Focus on a thing you see in one of the works. This thing might be a mass-produced object that the artists has put to new use, or an image, or a color. It should be something that originated outside the artist’s studio. Write a history of this thing: where was it before it arrived in this gallery? Who besides the artist has had contact with it?
The spirit of the sleeping Elephant. Tucked away in a corner surrounded by vivid memories of green, red, and blue, the spirit of the Elephant rests! The spirit of the Elephant is far older than the expansive memory of color that surrounds it; the spirit of the Elephant is immortal. The spirit of the Elephant has watches its memories change and has forgotten many but the constant is the physical body of Elephant. It has never moved from his bed but he has seen the universe and will outlive these liquid memories.
Putting works in the same gallery creates a conversation between them. Choose two works and write about the exchange of ideas, forms, and meanings that the juxtaposition of them creates.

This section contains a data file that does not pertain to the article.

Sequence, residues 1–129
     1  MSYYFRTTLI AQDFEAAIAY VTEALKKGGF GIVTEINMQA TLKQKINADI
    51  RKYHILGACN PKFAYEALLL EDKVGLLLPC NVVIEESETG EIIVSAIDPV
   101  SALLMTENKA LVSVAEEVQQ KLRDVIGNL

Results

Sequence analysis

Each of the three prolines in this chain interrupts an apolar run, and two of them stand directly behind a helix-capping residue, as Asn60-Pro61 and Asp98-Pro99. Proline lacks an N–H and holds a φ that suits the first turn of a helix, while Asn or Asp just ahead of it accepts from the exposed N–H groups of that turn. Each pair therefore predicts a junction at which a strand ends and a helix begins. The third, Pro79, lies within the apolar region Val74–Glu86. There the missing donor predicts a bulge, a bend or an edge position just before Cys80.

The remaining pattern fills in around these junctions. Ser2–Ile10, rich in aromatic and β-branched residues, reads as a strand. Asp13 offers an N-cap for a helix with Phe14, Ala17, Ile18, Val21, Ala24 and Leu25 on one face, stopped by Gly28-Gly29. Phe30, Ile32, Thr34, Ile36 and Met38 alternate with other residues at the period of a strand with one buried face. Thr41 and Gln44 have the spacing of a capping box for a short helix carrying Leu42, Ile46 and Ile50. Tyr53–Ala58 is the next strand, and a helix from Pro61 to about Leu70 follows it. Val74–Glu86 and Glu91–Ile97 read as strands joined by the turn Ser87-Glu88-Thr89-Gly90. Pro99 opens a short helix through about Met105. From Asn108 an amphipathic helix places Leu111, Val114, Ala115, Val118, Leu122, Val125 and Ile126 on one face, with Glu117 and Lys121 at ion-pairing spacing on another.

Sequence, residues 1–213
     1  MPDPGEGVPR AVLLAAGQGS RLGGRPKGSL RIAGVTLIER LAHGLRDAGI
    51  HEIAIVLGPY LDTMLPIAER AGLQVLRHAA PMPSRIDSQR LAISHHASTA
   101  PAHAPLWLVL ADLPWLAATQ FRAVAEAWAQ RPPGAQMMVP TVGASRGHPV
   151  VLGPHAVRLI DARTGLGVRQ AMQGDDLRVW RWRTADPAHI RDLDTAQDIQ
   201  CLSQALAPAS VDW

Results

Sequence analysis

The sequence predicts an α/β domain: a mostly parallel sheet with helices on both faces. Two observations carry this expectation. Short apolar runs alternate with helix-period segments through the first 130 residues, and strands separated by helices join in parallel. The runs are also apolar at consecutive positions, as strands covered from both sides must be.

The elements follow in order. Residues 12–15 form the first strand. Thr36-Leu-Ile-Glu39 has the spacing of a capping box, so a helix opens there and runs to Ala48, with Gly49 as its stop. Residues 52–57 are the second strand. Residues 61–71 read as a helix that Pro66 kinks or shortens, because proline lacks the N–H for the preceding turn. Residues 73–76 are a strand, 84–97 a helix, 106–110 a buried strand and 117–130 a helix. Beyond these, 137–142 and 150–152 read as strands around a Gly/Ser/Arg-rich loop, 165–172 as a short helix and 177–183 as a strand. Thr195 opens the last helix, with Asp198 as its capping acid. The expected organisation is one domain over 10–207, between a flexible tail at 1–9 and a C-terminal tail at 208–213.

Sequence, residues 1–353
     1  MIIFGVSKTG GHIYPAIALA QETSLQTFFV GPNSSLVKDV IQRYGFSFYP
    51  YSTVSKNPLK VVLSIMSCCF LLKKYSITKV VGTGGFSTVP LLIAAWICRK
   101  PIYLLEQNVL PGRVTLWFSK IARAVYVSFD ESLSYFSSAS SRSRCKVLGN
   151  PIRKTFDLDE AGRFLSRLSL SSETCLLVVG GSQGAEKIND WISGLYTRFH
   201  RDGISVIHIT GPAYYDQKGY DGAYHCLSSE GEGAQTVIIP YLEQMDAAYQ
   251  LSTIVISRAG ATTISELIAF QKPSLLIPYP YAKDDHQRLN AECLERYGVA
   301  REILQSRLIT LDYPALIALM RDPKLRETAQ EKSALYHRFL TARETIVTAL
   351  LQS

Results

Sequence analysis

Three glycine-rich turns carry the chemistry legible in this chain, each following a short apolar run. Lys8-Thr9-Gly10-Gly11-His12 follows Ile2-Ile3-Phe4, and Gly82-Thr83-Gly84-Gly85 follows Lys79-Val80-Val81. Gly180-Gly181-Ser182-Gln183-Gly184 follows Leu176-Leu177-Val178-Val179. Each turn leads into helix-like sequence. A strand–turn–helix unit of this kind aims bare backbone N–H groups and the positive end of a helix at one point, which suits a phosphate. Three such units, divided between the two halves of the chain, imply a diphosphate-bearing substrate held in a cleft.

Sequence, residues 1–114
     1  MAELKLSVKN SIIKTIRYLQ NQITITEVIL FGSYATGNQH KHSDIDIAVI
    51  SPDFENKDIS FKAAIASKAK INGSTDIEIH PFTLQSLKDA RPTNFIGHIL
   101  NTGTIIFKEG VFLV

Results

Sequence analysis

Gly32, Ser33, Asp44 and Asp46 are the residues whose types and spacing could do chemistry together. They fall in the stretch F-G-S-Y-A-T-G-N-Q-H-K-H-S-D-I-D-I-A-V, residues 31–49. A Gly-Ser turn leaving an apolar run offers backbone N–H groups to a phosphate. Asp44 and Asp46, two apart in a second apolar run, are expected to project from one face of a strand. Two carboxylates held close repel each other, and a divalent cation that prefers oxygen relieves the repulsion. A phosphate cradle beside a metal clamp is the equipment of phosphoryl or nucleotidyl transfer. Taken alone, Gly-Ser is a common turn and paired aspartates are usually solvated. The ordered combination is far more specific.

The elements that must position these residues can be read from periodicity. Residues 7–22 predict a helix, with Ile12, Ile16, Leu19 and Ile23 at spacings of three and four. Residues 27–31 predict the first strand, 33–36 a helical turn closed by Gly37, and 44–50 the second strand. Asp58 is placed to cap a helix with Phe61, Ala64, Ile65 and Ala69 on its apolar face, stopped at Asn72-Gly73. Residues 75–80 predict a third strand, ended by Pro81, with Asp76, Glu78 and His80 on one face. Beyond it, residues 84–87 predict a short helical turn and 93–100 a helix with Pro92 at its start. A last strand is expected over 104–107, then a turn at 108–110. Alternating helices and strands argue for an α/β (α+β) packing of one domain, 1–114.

The sleeping Elephant in Arthur Ou’s tint has seen the destruction that awaits if this vessel in Beatrice Modisett’s Every Ninth Wave II decides to venture into this wormhole. The wormhole or volcano appears to be an illusion and might not be as bad as it appears because blue, clear spaces are evident around the disturbance.
What’s a lesson that one work could learn from another?
Beatrice’s Every Ninth Wave II could learn from Arthur’s Pt Reyes tint to not to make too much out of situations. Avoid what you can, cut your losses and always get rest regardless of what is happening around you.
—Shanquan on Beatrice Beatrice Modisett’s Every Ninth Wave II and Arthur Ou’s “Pt. Reyes” series